During his regular "Worst Person in the World" segment, Olbermann normally chooses three nominees to be awarded the dishonor of that name. His three nominees are labeled as "Worse," "Worser," and "Worst." Citing the Houston Chronicle as a source, Olbermann tagged Barbara Bush with the label of "Worst" because of the earmarked donation that would require the buying of software from her son's company. However, the Countdown host failed to mention that the Houston Chronicle article also relayed, citing former President Bush's chief-of-staff Jean Becker, that the Bush family had given additional donations to the Katrina fund without any requirement as to how they should be spent: "Becker said she wasn't at liberty to divulge how much money the Bush family gave to the hurricane funds, but said the 'rest of their donation was not earmarked for anything.'" See: www.chron.com
[This item, by the MRC's Brad Wilmouth, was posted Thursday night on the MRC's blog, NewsBusters.org. To share your comments, go to: newsbusters.org ]
Below is a complete transcript of Olbermann's attack on Barbara Bush from the Thursday, March 23 Countdown:
Count CNN's Jack Cafferty among the growing number of reporters who have expressed disdain towards those who criticize the mainstream media. During his 4pm EST "Cafferty File" segment on Thursday's The Situation Room, Cafferty was all riled up to take on those who believe the MSM's coverage of Iraq has failed to report on progress being made there: "This is nonsense. It's the media's fault and the news isn't good in Iraq. The news isn't good in Iraq. There's violence in Iraq. People are found dead every day in the streets of Baghdad. This didn't turn out the way the politicians told us it would. And it's our fault? I beg to differ."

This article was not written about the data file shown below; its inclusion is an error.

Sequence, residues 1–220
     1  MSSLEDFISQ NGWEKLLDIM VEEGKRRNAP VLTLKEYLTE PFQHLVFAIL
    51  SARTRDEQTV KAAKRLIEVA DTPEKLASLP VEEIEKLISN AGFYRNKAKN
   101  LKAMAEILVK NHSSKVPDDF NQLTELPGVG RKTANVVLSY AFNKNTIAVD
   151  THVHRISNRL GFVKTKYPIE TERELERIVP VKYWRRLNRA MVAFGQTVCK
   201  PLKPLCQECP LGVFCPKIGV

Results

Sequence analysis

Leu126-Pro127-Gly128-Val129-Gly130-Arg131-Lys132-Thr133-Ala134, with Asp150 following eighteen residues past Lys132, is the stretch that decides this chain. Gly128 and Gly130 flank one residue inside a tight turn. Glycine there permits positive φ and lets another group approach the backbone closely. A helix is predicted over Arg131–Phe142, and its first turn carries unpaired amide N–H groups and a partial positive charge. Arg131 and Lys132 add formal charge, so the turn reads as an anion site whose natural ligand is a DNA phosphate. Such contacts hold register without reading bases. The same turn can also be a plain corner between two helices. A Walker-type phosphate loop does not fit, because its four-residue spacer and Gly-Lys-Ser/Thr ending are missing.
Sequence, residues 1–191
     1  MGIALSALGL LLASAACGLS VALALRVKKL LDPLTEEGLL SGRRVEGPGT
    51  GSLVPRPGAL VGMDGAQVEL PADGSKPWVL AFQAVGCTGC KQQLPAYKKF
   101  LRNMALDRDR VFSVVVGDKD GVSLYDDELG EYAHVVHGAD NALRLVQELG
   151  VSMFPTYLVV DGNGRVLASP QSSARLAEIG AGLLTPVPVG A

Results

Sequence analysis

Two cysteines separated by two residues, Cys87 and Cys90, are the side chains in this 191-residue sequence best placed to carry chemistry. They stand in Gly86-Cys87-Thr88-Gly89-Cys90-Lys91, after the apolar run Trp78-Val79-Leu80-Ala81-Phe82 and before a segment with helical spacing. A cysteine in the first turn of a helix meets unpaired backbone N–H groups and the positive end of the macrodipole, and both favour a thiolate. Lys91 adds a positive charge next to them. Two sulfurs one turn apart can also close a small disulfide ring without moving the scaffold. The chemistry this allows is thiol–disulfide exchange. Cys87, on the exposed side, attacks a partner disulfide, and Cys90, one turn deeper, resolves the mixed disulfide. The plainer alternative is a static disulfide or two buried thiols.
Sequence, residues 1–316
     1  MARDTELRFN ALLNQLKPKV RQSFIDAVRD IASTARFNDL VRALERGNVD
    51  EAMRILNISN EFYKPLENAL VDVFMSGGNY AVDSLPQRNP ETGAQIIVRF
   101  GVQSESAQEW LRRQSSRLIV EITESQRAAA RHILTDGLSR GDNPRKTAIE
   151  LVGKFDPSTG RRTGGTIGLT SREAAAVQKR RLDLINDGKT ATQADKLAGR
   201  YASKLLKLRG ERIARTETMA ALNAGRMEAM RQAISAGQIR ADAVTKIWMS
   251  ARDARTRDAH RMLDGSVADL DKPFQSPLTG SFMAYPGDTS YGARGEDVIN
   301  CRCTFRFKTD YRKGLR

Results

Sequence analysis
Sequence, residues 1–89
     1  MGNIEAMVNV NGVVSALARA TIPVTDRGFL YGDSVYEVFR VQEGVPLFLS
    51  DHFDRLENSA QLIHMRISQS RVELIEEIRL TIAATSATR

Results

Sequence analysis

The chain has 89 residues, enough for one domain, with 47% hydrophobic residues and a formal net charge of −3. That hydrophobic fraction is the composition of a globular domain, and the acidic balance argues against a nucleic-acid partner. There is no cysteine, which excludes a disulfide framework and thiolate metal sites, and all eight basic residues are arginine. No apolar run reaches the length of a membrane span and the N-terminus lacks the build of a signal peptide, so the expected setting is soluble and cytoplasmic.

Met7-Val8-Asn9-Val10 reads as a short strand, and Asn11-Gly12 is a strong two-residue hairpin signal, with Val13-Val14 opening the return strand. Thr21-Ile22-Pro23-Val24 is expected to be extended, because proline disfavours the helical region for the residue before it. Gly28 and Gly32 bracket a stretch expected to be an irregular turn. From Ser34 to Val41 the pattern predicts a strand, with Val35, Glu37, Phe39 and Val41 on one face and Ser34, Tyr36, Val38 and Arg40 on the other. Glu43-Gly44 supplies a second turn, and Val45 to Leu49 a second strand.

[This item, by the MRC's Megan McCormack, was posted Thursday afternoon on the MRC's blog, NewsBusters.org. To post your comments, go to: newsbusters.org ]
Cafferty's comments followed a discussion between Wolf Blitzer and CNN's Reliable Sources host Howard Kurtz on the subject of Iraq war coverage. He dismissed any question of the media's role in covering Iraq, and placed all the blame directly on "politicians":
Before the segment ended, Blitzer applauded Cafferty for speaking his mind: "I love it, Jack, when you tell our viewers how you really feel about an issue, and you just did. Thanks very much."
Cafferty couldn't resist taking one last shot at critics, by mockingly telling Blitzer that, as a member of the mainstream media, everything in Iraq is his fault:
At 4:30pm, during The Situation Room's Strategy Session, conservative radio host Bill Bennett took Cafferty and Blitzer to task for their attitude towards Americans who feel the media is too negative in its reporting:
Blitzer: "But you're not suggesting, and Bill, I don't want to put words in your mouth, that the media is to blame for the horrible images that are coming out of Iraq?"
On Wednesday, Good Morning America asked viewers to go online and vote on which Iraqi story they thought should lead the news. The results were revealed on Thursday's GMA and as Diane Sawyer said after a segment by Dan Harris, "And we'll be back to Dan a little bit later in this half hour. He has the news on what you voted about what you wanted to hear from Iraq and it's a surprise." What surprised Sawyer? GMA viewers agreed with President Bush that more positive stories should make the broadcast. At 7:08, Charlie Gibson introduced Dan Harris for his second story of the day: "This morning we want to return to the question that the President has been emphasizing and that we discussed yesterday morning on this broadcast. And the question is: whether the media is only showing negative news from Iraq?"